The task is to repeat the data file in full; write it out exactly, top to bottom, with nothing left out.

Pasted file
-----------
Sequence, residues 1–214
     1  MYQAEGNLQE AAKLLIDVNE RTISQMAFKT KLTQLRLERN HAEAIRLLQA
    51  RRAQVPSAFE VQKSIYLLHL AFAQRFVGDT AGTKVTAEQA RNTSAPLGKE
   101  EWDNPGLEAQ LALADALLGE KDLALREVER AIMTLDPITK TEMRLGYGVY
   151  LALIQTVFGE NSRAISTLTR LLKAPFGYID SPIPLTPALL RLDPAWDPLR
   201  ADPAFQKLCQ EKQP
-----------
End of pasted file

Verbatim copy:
Sequence, residues 1–214
     1  MYQAEGNLQE AAKLLIDVNE RTISQMAFKT KLTQLRLERN HAEAIRLLQA
    51  RRAQVPSAFE VQKSIYLLHL AFAQRFVGDT AGTKVTAEQA RNTSAPLGKE
   101  EWDNPGLEAQ LALADALLGE KDLALREVER AIMTLDPITK TEMRLGYGVY
   151  LALIQTVFGE NSRAISTLTR LLKAPFGYID SPIPLTPALL RLDPAWDPLR
   201  ADPAFQKLCQ EKQP